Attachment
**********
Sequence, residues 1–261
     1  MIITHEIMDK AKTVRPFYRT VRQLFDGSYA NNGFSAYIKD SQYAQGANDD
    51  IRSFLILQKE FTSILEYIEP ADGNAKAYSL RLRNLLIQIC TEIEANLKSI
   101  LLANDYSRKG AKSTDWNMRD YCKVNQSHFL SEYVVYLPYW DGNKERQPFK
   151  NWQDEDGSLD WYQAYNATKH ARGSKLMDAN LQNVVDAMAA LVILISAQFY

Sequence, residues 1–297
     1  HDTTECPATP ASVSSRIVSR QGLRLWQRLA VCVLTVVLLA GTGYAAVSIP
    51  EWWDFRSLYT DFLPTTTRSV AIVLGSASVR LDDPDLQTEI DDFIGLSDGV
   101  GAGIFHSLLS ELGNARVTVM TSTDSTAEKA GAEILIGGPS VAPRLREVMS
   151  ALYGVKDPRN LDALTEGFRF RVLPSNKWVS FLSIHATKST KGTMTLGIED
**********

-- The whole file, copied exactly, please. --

Sequence, residues 1–261
     1  MIITHEIMDK AKTVRPFYRT VRQLFDGSYA NNGFSAYIKD SQYAQGANDD
    51  IRSFLILQKE FTSILEYIEP ADGNAKAYSL RLRNLLIQIC TEIEANLKSI
   101  LLANDYSRKG AKSTDWNMRD YCKVNQSHFL SEYVVYLPYW DGNKERQPFK
   151  NWQDEDGSLD WYQAYNATKH ARGSKLMDAN LQNVVDAMAA LVILISAQFY

Sequence, residues 1–297
     1  HDTTECPATP ASVSSRIVSR QGLRLWQRLA VCVLTVVLLA GTGYAAVSIP
    51  EWWDFRSLYT DFLPTTTRSV AIVLGSASVR LDDPDLQTEI DDFIGLSDGV
   101  GAGIFHSLLS ELGNARVTVM TSTDSTAEKA GAEILIGGPS VAPRLREVMS
   151  ALYGVKDPRN LDALTEGFRF RVLPSNKWVS FLSIHATKST KGTMTLGIED